FOR IMMEDIATE RELEASE: May 1, 2014
Preventing Foodborne Illness Outbreaks
DENVER — The
National Environmental Health Association
(NEHA) has released its assessment of the capacity of local and
state agencies to undertake foodborne illness outbreak investigation
and response. The report, Assessment of Foodborne Illness
Outbreak Response and Investigation Capacity in US Environmental
Health Food Safety Regulatory Programs, contains the results of
an extensive study of the ability of food safety agencies to respond
to foodborne outbreaks. Notable findings of the report include key
steps needed to ensure adequate resources are allocated to properly
handle an outbreak.
NEHA was asked to conduct this assessment by the
Council to Improve Foodborne Outbreak Response
(CIFOR) to determine the capacity of local and state agencies to
undertake foodborne illness outbreak investigation and response.
While preliminary data was gathered through focus groups, the study
consisted of a questionnaire sent to almost 900 individuals at local
and state food agencies to assess budgetary constraints, staff
capacity and training, and agency effectiveness in investigation and
response to foodborne outbreaks.
Among the findings published in the report is the effect budget cuts
and financial strains on health and agricultural departments have
had at both the local and state level, leading to issues such as
stagnating salaries and inadequate or underfunded training. The
result of these trends is a high turnover rate of employment, staff
with less experience and training, and a decreased ability to
respond to foodborne outbreaks. Smaller municipalities and local
agencies tend to experience these effects at higher rates.
The full report can be found
and recommends a series of policy actions to address these new
challenges. The report advocates prioritizing resources for training
and education, increasing collaboration and cooperation across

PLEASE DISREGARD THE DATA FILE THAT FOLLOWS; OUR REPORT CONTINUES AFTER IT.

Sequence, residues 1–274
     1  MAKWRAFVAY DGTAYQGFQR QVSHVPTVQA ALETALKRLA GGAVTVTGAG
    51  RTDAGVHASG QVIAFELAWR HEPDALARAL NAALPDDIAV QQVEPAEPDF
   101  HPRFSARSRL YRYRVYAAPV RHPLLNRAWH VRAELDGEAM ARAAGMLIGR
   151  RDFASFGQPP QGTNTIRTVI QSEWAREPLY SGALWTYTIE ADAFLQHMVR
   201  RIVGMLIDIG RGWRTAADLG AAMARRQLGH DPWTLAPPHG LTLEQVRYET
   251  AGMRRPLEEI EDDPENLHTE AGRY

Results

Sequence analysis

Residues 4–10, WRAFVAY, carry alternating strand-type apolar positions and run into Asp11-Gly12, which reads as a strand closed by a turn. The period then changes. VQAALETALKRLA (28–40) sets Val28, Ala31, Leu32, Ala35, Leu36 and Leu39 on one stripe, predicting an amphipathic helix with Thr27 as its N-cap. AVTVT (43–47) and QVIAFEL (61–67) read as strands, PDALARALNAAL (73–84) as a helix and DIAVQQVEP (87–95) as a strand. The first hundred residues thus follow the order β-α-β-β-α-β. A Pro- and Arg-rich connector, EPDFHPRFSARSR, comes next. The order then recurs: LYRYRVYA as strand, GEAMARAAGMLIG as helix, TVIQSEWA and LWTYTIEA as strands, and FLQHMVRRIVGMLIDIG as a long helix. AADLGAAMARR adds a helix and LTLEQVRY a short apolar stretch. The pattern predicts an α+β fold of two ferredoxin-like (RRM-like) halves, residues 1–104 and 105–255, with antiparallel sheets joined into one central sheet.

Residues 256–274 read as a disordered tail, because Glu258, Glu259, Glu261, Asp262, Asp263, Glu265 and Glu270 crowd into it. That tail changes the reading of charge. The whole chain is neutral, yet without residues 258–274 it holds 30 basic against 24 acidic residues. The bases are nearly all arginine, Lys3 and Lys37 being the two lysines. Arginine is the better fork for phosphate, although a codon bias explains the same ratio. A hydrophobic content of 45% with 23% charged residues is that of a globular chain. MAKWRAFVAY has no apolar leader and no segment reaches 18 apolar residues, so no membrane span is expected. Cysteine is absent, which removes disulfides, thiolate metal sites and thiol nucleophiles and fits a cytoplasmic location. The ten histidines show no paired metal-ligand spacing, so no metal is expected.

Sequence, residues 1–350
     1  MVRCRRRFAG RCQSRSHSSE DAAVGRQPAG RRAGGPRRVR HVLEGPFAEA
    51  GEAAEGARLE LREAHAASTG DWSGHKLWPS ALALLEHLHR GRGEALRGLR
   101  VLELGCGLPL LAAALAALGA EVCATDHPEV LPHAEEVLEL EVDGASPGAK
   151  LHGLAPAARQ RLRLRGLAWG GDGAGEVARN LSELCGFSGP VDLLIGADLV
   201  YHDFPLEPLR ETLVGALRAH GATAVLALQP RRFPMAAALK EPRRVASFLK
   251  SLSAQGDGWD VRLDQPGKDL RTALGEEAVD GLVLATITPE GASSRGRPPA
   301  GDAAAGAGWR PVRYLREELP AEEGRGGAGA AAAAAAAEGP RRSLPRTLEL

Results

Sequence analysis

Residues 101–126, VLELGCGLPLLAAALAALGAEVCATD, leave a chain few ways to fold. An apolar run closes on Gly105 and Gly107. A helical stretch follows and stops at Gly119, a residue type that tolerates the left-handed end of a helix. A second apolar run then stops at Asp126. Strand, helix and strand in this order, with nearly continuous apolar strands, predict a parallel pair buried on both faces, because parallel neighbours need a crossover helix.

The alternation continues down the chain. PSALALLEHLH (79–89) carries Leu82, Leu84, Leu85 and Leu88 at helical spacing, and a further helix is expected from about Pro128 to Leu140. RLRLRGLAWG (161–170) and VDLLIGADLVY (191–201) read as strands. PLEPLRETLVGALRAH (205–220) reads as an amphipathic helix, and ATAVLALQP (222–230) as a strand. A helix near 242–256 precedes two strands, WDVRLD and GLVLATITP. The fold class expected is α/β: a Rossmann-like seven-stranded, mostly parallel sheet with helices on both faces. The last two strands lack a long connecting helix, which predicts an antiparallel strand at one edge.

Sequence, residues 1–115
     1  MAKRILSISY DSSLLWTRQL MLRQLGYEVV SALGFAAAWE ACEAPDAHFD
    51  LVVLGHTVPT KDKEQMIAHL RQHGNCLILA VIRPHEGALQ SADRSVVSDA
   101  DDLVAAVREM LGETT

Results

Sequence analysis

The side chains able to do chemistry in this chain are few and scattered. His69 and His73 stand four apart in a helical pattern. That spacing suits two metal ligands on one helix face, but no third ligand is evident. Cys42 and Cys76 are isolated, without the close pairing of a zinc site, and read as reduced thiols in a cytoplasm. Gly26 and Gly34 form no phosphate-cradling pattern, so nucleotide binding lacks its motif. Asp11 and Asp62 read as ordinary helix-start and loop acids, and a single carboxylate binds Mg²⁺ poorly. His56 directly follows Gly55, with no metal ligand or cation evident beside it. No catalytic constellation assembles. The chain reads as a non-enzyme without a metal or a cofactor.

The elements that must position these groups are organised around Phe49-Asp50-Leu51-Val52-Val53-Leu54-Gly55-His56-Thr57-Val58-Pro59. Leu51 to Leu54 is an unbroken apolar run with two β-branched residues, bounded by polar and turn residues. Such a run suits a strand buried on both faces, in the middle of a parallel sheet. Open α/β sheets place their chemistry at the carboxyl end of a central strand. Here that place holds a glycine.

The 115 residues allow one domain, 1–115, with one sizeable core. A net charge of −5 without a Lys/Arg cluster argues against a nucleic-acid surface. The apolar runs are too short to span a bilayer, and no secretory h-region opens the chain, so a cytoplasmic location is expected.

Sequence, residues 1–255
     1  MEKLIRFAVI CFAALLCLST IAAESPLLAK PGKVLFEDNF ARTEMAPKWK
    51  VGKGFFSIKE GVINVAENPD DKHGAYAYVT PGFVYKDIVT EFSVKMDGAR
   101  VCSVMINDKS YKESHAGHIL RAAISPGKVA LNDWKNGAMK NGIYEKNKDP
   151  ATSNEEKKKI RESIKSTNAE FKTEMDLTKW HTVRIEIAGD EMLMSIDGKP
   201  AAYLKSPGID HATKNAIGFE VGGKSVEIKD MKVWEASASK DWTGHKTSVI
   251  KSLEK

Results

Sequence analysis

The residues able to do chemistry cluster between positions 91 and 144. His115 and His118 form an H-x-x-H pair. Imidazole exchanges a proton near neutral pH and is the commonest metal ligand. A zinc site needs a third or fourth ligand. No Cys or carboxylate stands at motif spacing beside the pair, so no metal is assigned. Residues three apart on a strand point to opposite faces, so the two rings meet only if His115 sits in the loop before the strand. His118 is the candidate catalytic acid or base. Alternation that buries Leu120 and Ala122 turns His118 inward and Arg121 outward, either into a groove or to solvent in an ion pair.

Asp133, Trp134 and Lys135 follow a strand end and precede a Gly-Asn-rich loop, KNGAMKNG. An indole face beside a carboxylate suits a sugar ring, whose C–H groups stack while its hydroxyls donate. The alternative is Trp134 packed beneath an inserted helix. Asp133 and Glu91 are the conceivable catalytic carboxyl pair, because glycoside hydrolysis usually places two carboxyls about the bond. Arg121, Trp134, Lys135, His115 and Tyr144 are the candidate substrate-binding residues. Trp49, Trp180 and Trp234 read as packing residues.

agencies to enhance their outreach and effectiveness, and utilizing
new technologies and standardized practices to make up for the lack
of funding and experienced staff.
Last week, CIFOR has released a second edition of its Guidelines
for Foodborne Disease Outbreak Response. The guidelines
describe the overall approach to foodborne disease outbreaks,
including preparation, detection, investigation, control and
follow-up. The guidelines are targeted at local, state and federal
agencies that are responsible for preventing and managing foodborne
disease, and it describes the roles of all key organizations in
foodborne disease outbreaks.
About the National Environmental Health Association
NEHA's mission, "to advance the environmental health and protection
professional for the purpose of providing a healthful environment
for all" is represented in the products and services offered by NEHA
through training, education, networking, professional development,
and policy involvement opportunities. The basis for the
association’s activities is the belief that the professional who is
trained, educated, and motivated is the professional who will make
the greatest contribution to the healthful environmental goals.
Learn more about NEHA at
The AEC will be held at The Cosmopolitan of Las Vegas, July 7th –
10th, 2014. Information about the conference can be found